Google finally pulls the plug on Google Plus, replaces it with Google Currents
After shutting down the end user version, Google is phasing out its doomed Google Plus social network. The company is promoting Google Currents as the replacement.
Google is finally doing away with Google Plus. In case you did not know, Google Plus is the company's failed social network which once aimed to compete with the likes of Facebook. Google has already shut the end-user version of Google Plus and now it is pulling the plug on the enterprise version as well.
Google is replacing Google Plus with Google Currents. The iOS and Android apps of the social networking platform have already been rebranded. Currents is available for everyone starting today.
Aimed at enterprise users, Google Currents aims to help “people to have meaningful discussions and interactions across your organization, helping keep everyone in the know and giving leaders the opportunity to connect with their employees,” the company said in a blog post last year.
Google Currents comes with a new interface and a bunch of new features. The home screen can be customised and lets you focus on the important posts. Users also have the flexibility to sort the home stream on the basis on relevancy.
Just like Google+, Google Currents also allows users to post comments, ask questions through posts, and share feedback. It comes with built-in analytics to gauge the reach of each posts. Users can also follow tags and other topic-based streams to discover more content based on their preference.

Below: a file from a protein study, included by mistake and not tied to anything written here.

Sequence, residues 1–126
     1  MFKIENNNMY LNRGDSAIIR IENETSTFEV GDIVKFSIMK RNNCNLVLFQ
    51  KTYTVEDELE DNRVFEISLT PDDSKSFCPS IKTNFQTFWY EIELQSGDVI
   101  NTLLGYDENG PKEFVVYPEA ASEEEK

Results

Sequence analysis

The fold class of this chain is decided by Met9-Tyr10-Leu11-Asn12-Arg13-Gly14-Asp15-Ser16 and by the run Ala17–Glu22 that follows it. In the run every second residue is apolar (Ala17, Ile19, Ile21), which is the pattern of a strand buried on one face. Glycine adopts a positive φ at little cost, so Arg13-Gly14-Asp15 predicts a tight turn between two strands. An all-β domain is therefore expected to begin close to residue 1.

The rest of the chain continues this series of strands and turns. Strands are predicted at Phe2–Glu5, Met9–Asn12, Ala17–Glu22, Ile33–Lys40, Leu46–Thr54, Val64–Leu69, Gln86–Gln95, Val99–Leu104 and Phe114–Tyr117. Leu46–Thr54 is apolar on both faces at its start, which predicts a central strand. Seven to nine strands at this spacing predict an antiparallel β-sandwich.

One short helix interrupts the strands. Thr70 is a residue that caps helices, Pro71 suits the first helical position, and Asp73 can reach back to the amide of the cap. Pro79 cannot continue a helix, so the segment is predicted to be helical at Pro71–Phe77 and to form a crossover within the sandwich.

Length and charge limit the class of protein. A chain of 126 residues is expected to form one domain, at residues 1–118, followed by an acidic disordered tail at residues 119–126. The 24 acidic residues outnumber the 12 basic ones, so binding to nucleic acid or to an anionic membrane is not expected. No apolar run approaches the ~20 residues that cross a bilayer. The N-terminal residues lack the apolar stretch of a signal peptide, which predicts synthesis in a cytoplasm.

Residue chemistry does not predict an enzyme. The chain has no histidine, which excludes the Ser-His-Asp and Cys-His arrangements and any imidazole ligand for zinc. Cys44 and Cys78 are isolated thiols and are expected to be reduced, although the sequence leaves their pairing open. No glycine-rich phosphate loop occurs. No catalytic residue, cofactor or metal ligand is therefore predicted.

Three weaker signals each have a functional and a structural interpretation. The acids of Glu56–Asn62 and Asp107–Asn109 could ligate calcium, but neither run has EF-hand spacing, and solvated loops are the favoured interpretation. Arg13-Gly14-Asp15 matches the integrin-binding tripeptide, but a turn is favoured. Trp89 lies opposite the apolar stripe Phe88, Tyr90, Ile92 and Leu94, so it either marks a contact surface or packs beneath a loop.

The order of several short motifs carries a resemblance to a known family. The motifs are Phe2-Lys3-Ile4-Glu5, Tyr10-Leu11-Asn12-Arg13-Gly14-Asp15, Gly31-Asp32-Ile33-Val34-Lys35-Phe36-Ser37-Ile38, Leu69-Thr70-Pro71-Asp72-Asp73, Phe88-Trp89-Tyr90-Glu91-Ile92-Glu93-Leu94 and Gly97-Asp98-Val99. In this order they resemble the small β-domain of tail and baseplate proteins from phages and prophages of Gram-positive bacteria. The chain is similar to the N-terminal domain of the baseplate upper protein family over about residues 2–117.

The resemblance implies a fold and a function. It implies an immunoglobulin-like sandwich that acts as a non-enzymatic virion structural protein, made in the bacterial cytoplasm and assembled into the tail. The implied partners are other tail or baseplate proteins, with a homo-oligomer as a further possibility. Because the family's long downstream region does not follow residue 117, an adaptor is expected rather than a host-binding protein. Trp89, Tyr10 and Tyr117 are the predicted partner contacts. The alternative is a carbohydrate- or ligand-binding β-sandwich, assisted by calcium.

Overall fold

A brief history of Google+
That said, Google Plus is one of the biggest failures for Google. Launched in June 2011, Google+ saw an instant mass uptake from users. Within two weeks of its launch, Google+ had garnered 10 million users. By 2013, the platform had about 540 million monthly active users.
The numbers, however, don't reveal that people signed up on Google Plus because of Google's ecosystem products such as Gmail and YouTube. A 2014 report in The New York Times described the social network as a “ghost town” as many users of Google Plus never visited the platform at all.
Despite redesign and improvements over the years, Google+ failed to take off. Rivals Facebook and Twitter continued to increase their user base in the meanwhile.
In October 2018, Google formally announced they were shutting down the platform for users. The final nail to the coffin for Google Plus came in December 2018 when it suffered a major security breach that affected as many as 52.5 million users. Google Plus for end-users was finally shut down in April last year.
So long, Google Plus. You will not be missed.
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